Session Type: Poster Session (Tuesday)
Session Time: 9:00AM-11:00AM
Background/Purpose: Systemic lupus erythematosus (SLE) is an autoimmune disease characterized by increased sensitivity to ultraviolet radiation (UVR). UVR can trigger cutaneous and systemic disease fares, yet mechanisms driving these responses are not well characterized. Type I interferons (IFNs), which have been previously implicated in driving apoptosis of cancer cells, are expressed at higher levels at baseline in non-lesional skin of SLE patients and drive hyperinflammatory responses after UVR. In addition, these type I IFNs promote increased death of SLE keratinocytes after UVR; however, the manner in which they regulate cell death after UVR is currently unknown. This study explores the cell death pathways activated in keratinocytes by type I IFNs and UVR.
Methods: Immortalized human keratinocytes (N/TERTs) were treated overnight with IFNα (0-1000 U/ml) prior to UVB exposure (0-50 mJ/cm2). Reactive oxygen species (ROS) production was measured using the cell-permeable oxidative stress indicator CM-H2DCFDA and fluorescence was measured 5 minutes post UVB exposure. Annexin V (AV) and propidium iodide (PI) staining was performed 4 hours post UVB exposure and cells were analyzed by flow cytometry. Cells were pretreated with apoptosis, necroptosis, and pyroptosis inhibitors to examine activated death pathways. Caspase-3 cleavage was measured by flow cytometry.
Results: Intracellular ROS were significantly increased by 5 minutes after UVB exposure. Surprisingly, priming with IFNα resulted in a dose-dependent decrease in ROS production. IFNα priming prior to UVB exposure also resulted in a significant increase in the percentage of AV+PI– cells, indicative of early apoptosis. In addition, IFNα treatment promoted apoptosis at a lower dose of UVB (20 mJ/cm2). IFNα treatment prior to UVB exposure resulted in a significantly higher percentage of both cleaved-caspase-3+ and AV+PI–, but not AV+PI+, cells compared to treatment with UVB alone. Pre-treatment with Z-VAD-FMK (pan-caspase inhibitor) or Z-IETD-FMK (caspase-8 inhibitor) significantly reduced AV+PI– cells following IFNα and UVB treatment while treatment with Z-LEHD-FMK (caspase-9 inhibitor) did not, suggesting enhanced activation of the extrinsic apoptosis pathway. Further, use of Necrostatin-1 (RIPK1 inhibitor) or AC-YVAD-CMK (caspase-1 inhibitor) showed no effect on death at 4 hours post UVB exposure in the presence of IFNα suggesting that enhanced death of type I IFN treated cells after UVB likely does not involve necroptosis or pyroptosis.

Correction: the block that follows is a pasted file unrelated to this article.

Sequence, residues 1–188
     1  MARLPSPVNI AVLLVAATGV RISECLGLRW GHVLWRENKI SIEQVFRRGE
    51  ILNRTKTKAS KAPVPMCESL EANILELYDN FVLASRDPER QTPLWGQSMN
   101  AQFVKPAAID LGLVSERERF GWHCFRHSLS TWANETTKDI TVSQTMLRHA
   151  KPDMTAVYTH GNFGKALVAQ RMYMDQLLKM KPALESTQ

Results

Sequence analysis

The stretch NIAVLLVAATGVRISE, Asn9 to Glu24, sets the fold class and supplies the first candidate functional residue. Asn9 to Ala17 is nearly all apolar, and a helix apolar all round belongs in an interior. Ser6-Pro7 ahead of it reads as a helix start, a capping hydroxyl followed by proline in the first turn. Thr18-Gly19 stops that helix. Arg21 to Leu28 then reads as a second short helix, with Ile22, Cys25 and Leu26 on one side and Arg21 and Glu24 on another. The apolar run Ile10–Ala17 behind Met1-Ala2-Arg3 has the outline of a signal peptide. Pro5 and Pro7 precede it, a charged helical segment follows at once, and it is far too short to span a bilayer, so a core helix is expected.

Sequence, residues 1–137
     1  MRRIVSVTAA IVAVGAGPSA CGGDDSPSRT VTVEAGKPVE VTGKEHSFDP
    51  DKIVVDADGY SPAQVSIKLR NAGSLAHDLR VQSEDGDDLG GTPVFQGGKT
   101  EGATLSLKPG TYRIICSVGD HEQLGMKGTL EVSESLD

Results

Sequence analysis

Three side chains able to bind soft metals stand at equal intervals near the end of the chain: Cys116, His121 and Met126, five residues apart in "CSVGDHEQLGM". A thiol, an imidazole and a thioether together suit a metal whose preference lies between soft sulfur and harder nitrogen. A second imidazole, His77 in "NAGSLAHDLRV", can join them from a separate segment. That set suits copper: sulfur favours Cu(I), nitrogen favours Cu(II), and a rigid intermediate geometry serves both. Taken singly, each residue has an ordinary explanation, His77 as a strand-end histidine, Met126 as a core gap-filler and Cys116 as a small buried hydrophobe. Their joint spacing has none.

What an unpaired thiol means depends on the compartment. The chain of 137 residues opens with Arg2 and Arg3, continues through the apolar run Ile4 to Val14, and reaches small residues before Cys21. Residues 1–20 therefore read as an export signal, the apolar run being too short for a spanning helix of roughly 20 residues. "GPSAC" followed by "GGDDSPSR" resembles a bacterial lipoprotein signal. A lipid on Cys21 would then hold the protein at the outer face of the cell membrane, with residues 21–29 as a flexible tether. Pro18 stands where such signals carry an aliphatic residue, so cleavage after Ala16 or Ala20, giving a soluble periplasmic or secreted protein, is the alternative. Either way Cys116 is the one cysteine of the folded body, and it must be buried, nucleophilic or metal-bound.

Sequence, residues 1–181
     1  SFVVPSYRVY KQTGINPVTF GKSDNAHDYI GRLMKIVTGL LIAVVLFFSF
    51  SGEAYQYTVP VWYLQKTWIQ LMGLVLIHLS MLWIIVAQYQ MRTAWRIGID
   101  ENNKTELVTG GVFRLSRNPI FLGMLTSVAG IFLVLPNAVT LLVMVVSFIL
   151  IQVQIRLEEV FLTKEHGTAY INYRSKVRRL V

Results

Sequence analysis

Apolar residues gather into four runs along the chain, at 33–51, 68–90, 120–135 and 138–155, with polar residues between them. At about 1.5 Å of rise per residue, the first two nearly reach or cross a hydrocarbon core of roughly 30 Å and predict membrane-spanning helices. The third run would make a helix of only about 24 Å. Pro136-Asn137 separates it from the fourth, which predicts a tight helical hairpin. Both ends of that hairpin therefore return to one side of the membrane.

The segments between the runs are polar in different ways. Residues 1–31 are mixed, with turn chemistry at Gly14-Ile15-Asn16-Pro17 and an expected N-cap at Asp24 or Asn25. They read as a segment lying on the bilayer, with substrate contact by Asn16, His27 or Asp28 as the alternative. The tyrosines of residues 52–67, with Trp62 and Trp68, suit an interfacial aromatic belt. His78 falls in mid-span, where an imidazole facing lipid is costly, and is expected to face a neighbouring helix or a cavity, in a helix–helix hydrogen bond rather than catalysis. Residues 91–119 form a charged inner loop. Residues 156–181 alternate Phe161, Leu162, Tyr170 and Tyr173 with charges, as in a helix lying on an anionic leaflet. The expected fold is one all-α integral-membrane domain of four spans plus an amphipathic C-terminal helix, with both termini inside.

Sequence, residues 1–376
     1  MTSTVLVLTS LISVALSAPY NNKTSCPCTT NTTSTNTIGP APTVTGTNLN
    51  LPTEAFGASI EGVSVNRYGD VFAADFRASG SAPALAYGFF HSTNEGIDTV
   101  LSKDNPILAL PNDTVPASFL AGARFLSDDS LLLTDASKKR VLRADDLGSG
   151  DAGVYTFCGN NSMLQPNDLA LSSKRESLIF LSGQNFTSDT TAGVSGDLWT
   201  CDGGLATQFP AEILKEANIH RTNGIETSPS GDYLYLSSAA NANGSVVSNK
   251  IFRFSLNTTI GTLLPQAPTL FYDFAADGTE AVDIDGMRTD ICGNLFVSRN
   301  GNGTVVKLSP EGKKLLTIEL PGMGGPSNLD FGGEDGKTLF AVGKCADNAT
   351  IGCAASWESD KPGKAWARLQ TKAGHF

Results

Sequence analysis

Conclusion: Treatment of keratinocytes with IFNα results in increased sensitivity to UVB-mediated cell death, which takes the primary form of caspase-8 driven apoptosis, independently of ROS. It is well documented that SLE skin is rich in type I IFNs and that high circulating IFNs are a feature of the disease. Together, these data suggest that photosensitive responses exhibited by lupus patients are likely due to type I IFN priming of keratinocytes that sensitizes the cells to undergo increased apoptosis after exposure to minimal amounts of UVB. Continued investigation into the mechanism by which IFN drives UVR-mediated cell death will be crucial for developing novel preventative strategies for photosensitivity.
To cite this abstract in AMA style:Estadt S, Kahlenberg J. Interferon Alpha Promotes Caspase-Dependent Apoptosis Independently of Reactive Oxygen Species in Ultraviolet B-Exposed Keratinocytes [abstract]. Arthritis Rheumatol. 2019; 71 (suppl 10). https://acrabstracts.org/abstract/interferon-alpha-promotes-caspase-dependent-apoptosis-independently-of-reactive-oxygen-species-in-ultraviolet-b-exposed-keratinocytes/. Accessed May 11, 2021.
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